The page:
The Creative Industries Federation is calling for political parties to support a second referendum on Britain’s membership of the European Union, rather than crashing out without a deal.
After MPs rejected the government’s deal in a historic Commons defeat on Tuesday 15th January, the Federation has warned a no deal Brexit would have “catastrophic consequences for the sector” and added the threat of leaving the EU without an agreement has become a “distinct reality”.
Creative Industries Federation chief executive Alan Bishop said: “We have now reached an undeniable cliff edge, and it is imperative that our political parties do what is necessary to prevent the extreme damage that will be caused if we crash out of the EU.
“The creative industries are the fastest growing part of the UK’s economy. They contribute over £100bn in GVA and employ 1 in 11 people. The free movement of goods, services, capital and people have underpinned the sector’s success and our ability to attract talent, tour freely, and trade on our doorstep is vital to the ongoing success of the creative industries and to the UK as a whole. This is why 96% of our members intended to vote to remain ahead of the referendum, and why crashing out of the EU without a deal would have catastrophic consequences for the sector.
“Although further uncertainty will of course be challenging for the creative industries, this presents less of a threat to the country’s prosperity than leaving the EU without a deal. Not only are the creative industries vital to our economy, they also play a fundamental role in the life of every person living in the UK and are of irreplaceable importance to the way that the UK is viewed around the world.”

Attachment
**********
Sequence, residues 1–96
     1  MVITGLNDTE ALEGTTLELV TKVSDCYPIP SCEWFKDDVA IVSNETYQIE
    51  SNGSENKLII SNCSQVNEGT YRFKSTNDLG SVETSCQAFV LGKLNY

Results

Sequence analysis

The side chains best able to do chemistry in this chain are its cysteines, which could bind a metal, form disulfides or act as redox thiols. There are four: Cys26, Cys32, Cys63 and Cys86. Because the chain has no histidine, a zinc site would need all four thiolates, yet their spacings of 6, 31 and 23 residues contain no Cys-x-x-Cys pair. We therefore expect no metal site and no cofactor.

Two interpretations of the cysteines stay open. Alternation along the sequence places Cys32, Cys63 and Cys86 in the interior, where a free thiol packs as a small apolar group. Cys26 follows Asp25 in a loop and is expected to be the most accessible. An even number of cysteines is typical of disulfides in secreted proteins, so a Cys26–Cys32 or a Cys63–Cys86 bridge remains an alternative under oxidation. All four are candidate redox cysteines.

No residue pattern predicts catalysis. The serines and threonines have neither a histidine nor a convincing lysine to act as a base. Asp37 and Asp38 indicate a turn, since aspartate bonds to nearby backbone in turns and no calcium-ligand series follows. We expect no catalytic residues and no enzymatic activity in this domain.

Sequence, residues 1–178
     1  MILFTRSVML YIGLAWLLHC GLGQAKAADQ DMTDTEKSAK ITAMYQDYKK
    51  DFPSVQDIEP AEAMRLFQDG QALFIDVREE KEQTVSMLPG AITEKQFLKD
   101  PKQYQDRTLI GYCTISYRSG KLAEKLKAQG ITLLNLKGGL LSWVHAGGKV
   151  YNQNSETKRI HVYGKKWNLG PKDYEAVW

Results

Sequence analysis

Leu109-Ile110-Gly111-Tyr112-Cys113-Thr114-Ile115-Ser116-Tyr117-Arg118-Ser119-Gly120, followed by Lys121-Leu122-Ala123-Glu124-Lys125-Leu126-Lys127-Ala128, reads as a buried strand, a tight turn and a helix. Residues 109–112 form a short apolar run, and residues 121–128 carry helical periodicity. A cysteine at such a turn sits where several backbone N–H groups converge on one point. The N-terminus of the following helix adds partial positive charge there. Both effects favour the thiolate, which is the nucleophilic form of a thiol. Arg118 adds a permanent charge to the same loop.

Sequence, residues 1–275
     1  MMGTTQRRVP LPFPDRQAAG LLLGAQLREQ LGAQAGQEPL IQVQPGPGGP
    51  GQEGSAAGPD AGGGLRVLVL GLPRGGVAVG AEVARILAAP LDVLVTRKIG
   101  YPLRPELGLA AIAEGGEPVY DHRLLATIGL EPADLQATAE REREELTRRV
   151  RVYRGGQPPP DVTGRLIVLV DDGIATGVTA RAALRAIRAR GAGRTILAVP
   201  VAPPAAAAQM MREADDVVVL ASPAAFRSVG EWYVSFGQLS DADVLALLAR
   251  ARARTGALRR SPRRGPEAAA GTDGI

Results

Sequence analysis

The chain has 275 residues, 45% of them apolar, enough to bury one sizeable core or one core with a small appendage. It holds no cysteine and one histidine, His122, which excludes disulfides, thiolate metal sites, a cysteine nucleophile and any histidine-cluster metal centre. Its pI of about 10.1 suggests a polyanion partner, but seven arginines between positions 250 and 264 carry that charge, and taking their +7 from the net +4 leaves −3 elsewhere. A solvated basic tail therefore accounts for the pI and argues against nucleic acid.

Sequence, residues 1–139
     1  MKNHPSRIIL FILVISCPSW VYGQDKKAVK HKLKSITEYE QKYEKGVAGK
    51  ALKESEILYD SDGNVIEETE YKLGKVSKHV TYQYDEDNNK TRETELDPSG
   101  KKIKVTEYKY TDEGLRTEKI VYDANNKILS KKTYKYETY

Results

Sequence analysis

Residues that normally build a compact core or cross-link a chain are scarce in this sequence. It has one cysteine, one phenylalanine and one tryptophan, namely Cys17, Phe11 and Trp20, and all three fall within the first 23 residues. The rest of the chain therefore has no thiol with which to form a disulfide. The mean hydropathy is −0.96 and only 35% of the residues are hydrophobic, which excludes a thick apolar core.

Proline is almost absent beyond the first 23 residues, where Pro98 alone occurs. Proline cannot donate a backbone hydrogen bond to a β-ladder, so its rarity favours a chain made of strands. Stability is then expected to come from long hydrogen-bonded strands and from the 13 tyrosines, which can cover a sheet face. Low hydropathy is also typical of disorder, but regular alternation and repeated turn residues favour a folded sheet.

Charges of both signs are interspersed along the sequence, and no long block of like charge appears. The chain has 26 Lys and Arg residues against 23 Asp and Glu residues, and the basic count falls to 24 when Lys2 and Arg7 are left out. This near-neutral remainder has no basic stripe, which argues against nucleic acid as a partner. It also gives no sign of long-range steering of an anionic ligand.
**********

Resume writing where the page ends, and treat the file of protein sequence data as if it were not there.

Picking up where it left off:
In the Creative Industries Federation’s Global Trade Report, 40% of the UK’s creative industries stressed that a ‘No-Deal’ scenario would harm their business’s ability to export, while 21% would, in the event of a ‘No-Deal, consider moving all or part of their businesses abroad.
Earlier today, Stephen Lotinga, c.e.o of the Publishers Association, told The Bookseller a consensus “urgently needs to be found” as he highlighted how the government’s deal did provide the book industry with “some assurances” as the Society of Authors warned “the clock is ticking and the Government urgently needs to come up with a Plan B.”
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